Even more remarkable, indeed, is the way he has managed to gather around, within the limited space of the boat, every implement of the modern household-office, as it were, down to the latest iPod model and a laser printer -- which in a moment produced copies of Lo's letter of complaint to Minister of Tourism Zoheir Garana. His presence on the Internet bears further testimony to this modern-day Robinson Crusoe being perfectly at home in the electronic age. His card lists a satellite as well as a mobile phone number and his website is active all year round. Nor was he put off by the bureaucratic troubles he had suffered since Port Said. Addressed to the chairman of the Suez Canal Authority, the letter reads, "As you may well know it is our aim... to promote through all the possible channels... about cruising possibilities and travel opportunities of the countries we visit on the way to India including Egypt. It is therefore we believe we have to let you know that our experience passing the Suez Canal was not favourable due to unprofessional behaviour of some of the pilots, and denying access to Ismailia minutes before arrival... The future of... yacht rallies may be in jeopardy and may have to look for other cruising grounds than those of Egypt for passages and stays. This together with the negative press that would come along, is no good for all who work hard to make Egypt what it is and especially those who have invested large sums in Marinas along the coast such as Abu Tig, Hurghada, Port Ghalib and many other developments." A very down-to-earth, sensible tone, in other words.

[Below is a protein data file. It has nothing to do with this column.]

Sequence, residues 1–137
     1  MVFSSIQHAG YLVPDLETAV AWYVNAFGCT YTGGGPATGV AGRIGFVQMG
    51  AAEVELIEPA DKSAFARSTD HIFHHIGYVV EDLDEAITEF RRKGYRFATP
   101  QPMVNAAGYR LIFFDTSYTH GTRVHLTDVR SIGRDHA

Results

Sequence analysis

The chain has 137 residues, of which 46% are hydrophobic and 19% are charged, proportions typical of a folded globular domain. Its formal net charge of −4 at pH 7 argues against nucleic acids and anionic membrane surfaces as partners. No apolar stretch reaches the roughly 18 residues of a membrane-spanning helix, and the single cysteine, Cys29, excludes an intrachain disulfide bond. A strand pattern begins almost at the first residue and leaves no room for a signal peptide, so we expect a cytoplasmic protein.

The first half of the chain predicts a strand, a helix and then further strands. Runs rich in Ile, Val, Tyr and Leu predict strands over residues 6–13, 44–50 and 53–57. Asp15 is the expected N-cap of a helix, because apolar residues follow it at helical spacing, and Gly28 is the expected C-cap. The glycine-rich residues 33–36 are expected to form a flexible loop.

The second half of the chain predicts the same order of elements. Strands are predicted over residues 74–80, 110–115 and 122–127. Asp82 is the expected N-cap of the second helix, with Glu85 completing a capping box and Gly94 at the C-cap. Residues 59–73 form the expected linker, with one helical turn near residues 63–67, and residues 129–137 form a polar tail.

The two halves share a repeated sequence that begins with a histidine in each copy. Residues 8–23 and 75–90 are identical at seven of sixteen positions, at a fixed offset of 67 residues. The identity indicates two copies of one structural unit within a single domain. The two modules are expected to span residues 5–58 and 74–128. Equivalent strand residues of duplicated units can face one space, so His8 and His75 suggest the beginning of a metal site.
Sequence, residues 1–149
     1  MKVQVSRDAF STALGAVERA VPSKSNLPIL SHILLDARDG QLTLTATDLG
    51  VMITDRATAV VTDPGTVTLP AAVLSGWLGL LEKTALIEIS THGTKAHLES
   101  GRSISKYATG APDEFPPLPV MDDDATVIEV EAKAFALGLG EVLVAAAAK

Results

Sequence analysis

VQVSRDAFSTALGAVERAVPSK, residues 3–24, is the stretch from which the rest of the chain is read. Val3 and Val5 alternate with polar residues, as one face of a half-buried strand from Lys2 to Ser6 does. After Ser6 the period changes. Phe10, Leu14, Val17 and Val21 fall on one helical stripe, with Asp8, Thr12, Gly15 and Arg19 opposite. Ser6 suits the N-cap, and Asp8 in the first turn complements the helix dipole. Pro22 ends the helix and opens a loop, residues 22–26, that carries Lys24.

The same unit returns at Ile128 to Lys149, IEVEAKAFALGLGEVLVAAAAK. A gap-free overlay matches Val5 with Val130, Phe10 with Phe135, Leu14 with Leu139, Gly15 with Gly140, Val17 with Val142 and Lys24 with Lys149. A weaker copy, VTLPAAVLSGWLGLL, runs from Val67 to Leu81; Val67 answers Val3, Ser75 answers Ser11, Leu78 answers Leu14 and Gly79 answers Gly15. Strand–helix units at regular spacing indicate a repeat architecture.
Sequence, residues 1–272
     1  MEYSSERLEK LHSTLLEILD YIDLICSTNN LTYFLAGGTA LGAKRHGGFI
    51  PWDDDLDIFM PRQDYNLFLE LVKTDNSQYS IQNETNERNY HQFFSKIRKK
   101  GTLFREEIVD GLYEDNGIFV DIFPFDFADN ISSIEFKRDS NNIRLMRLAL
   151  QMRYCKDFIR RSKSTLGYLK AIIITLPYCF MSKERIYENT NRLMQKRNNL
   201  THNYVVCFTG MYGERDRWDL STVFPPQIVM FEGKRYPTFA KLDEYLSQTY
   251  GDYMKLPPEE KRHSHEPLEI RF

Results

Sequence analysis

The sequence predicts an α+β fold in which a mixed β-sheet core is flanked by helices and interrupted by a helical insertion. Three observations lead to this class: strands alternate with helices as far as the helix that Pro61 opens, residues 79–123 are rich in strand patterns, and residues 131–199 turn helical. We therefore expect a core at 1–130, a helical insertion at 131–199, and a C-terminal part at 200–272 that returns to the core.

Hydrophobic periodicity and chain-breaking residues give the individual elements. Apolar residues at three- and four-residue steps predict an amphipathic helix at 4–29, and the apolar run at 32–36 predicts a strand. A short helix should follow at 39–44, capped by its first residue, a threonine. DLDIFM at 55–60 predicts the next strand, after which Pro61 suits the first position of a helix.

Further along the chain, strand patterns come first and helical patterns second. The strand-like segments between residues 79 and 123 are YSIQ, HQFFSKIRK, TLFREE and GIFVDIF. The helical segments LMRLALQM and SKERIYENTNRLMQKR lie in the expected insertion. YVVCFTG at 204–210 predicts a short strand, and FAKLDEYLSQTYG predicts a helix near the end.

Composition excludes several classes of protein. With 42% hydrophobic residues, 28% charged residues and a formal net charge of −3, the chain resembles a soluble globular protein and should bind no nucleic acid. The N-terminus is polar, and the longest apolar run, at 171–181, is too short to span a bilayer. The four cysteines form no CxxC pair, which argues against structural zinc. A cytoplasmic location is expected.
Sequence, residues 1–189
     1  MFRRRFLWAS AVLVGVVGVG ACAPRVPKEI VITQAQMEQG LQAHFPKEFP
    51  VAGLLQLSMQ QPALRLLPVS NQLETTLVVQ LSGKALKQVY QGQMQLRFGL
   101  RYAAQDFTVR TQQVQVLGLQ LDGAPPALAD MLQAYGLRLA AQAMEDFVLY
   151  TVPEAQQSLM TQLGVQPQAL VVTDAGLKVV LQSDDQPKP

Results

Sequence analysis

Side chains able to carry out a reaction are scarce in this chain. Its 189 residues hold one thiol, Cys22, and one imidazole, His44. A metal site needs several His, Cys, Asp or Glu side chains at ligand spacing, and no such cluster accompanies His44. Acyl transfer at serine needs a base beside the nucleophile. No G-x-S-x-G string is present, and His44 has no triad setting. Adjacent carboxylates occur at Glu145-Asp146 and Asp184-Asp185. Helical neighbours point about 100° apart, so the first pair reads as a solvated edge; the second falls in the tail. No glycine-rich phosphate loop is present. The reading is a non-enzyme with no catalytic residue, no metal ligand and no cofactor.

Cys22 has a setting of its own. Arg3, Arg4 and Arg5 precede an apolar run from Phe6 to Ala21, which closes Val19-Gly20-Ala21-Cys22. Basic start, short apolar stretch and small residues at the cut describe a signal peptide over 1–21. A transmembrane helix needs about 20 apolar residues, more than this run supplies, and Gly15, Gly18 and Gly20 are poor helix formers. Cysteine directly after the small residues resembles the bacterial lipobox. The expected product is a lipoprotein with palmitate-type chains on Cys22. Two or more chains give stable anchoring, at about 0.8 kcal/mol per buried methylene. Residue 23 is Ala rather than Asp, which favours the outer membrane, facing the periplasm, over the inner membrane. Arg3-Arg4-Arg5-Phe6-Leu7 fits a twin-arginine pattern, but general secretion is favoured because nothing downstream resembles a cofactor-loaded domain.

And something to ponder over for the few hours before the welcome reception is due to start. It was the latter event, however, held in one of the Coral Beach bars, that afforded the warmest encounter with the strange breed of Poseidon-worshipping globe-trotters to which Brust belongs. Yachters, as they are sometimes known, turn out to be a very far cry from their image. Well off they may be -- most are actually comfortably retired, rather -- but their practical sense, physical courage and closeness to nature is such they tend to have an instantaneously disarming effect. I recall one conversation about dolphins, another about the friendliness of Egyptians. A heroic episode involved saving a boat that had capsized into the reef -- with minimal harm. One Santa Claus-like figure with a big white beard sounded vaguely Australian as he kept saying, "because if you didn't love wildlife, you wouldn't do what we do." But yachting is equally about perseverance, cosmopolitanism and cooperation. From the point of view of tourism -- and in the context of endorsing a project like Port Ghalib, especially -- and evening with participants in the Vasco da Gama Rally was a lesson learned indeed: a lesson on how moving across the earth can be a way of learning about other people and learning to respect nature, and learning that something seemingly as irrelevant as a marina can bring in not only hard currency but genuine fellow feeling, and good cheer. After dinner, only a few hours remained before we were due at reception for the journey back to Hurghada Airport. Fearfully massaging my backside, I went upstairs for a shower and a final nap. This time I was sure I would not oversleep.